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Ingram Partners Say EMC Making Big Mistake by Dropping Distributor

Ingram Micro partners told CRN that they're confused and confounded by EMC's decision to stop working with the largest distributor in the world.

Ingram Micro partners told CRN that they're confused and confounded by EMC's decision to stop working with the largest distributor in the world.

"I think it's a mistake," said Guy Baroan, president of Baroan Technologies in Elmwood Park, N.J. "How do you go from 'Hey, you're distributor of the year' to 'Oh, we're going to drop you?'"

EMC bestowed top distributor honors on Ingram Micro in June 2014, with executives praising the Santa Ana, Calif.-based distributor for growing its EMC portfolio by double digits and forging the most net new partner relationships of any North American distributor.

[Related: EMC Ends Storage Relationship With Ingram Micro ]

Just seven months later, EMC announced plans to sever ties with Ingram Micro in a move that one Ingram Micro partner called "mind-boggling."

"I'm really surprised," another Ingram Micro partner told CRN. "When you start to disconnect from your resellers, you start to see your numbers take a hit."

One partner who sources $5 million to $10 million of EMC business each year through Ingram Micro said the distributor's departure comes as a result of changes to the vendor's partner program that incentivized direct relationships between vendors and solution providers at the expense of distribution.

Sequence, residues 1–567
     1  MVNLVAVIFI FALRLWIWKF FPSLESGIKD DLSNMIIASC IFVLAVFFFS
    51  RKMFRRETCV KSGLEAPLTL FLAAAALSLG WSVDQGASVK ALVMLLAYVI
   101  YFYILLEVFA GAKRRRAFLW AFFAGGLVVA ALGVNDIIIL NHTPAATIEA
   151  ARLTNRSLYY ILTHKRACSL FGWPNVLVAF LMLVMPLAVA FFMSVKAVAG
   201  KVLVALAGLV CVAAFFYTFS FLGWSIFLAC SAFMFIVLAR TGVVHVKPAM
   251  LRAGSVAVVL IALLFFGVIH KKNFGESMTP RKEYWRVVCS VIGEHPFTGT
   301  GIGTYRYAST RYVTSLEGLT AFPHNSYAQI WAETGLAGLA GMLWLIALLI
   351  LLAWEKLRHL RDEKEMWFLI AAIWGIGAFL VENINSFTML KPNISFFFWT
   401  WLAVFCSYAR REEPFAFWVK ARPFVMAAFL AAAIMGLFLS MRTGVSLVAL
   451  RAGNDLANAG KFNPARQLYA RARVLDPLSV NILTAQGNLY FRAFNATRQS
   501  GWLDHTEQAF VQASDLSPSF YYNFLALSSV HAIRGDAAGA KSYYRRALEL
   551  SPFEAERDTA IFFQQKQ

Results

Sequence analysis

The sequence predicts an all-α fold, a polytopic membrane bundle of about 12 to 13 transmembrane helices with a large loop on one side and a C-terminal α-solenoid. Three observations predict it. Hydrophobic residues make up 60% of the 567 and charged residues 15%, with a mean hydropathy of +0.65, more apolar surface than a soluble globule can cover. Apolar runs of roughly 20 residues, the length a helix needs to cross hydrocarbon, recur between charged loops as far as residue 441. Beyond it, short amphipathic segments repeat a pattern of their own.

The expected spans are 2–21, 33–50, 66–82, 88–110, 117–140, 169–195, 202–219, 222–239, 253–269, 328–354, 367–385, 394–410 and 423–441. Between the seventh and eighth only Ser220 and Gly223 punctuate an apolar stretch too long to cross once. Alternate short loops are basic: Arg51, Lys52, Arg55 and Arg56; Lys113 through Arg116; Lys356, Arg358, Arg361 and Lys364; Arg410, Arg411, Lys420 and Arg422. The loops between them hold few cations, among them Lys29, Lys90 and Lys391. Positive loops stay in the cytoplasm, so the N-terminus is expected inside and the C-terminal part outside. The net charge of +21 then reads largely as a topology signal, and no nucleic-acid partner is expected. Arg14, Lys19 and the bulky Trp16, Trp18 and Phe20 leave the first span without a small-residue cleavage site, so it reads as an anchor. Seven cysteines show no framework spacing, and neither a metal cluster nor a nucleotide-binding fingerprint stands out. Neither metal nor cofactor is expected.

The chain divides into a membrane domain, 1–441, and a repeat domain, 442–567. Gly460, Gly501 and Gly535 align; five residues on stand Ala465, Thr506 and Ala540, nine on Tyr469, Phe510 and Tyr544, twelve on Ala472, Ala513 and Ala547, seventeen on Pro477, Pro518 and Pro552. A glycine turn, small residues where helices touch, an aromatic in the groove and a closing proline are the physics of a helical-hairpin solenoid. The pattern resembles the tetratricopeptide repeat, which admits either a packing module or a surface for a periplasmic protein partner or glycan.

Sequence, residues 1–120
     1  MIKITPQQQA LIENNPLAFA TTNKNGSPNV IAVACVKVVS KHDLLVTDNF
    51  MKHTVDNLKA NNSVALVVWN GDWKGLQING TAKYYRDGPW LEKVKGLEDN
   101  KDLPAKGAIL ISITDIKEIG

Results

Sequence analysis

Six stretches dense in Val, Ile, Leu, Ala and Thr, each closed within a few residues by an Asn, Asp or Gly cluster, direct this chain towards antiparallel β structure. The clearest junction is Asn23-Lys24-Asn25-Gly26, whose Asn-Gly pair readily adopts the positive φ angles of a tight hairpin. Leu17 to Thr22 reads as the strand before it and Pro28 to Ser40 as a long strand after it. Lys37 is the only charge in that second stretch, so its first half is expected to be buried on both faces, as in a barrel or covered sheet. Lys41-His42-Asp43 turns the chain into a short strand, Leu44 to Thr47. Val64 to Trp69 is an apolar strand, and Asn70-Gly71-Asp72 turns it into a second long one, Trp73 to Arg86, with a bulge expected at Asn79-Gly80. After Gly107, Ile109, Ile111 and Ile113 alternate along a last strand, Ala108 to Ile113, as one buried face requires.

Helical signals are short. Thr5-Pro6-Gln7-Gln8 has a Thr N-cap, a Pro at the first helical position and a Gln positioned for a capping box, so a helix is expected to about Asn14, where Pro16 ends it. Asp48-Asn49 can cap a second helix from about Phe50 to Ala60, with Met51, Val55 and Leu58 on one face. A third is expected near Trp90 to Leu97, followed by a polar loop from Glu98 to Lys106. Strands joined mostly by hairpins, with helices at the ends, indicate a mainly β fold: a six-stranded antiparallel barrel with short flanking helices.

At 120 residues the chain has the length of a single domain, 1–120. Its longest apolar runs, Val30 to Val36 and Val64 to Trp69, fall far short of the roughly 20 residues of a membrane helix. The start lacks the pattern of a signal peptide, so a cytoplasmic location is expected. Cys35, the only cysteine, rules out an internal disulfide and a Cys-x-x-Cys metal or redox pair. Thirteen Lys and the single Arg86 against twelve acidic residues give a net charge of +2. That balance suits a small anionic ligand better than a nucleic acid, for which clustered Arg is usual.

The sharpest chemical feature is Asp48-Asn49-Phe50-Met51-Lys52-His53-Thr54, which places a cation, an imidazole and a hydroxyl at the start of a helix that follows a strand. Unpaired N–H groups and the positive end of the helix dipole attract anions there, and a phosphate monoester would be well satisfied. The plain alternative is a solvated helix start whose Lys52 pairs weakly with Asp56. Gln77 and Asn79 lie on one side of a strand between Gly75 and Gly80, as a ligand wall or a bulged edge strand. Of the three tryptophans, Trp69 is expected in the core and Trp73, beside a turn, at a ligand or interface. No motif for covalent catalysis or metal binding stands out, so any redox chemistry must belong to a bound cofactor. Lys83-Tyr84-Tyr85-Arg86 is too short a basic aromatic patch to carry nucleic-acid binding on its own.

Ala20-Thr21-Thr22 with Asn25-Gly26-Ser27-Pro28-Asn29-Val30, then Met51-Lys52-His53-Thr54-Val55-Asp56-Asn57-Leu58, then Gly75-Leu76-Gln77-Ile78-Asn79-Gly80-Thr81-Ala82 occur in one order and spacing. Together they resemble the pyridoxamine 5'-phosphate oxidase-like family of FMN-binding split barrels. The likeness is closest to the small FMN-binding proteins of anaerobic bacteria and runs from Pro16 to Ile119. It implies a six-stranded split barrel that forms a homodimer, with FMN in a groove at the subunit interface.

That partner said the bar for solution providers to work directly with EMC had been lowered from close to $100 million to around $25 million to $35 million.

With more VARs and MSPs slated to work directly from EMC, the partner said EMC Initiated a request for proposal (RFP) process a couple of months ago designed to eliminate one of the vendor's four North America distributors.

The business branches of Arrow, Avnet, Ingram and Tech Data were each asked to present a proposal detailing how they would support EMC's business initiatives in 2015. But several days ago, an EMC representative told the partner that Ingram Micro was the sole company not tapped to continue working with EMC.

A different Ingram Micro partner confirmed that EMC sent its distribution through an RFP process, with Ingram emerging as one of the losers.

"EMC has made a conscious effort to evaluate our distribution program so that we can provide greater focus for our channel partners, while ensuring that our customers continue to have choice and flexibility," the vendor told CRN in a statement. "We have consolidated our distribution approach in North America, as we have previously done in EMEA and Asia-Pacific, so we can better focus our product and enablement efforts."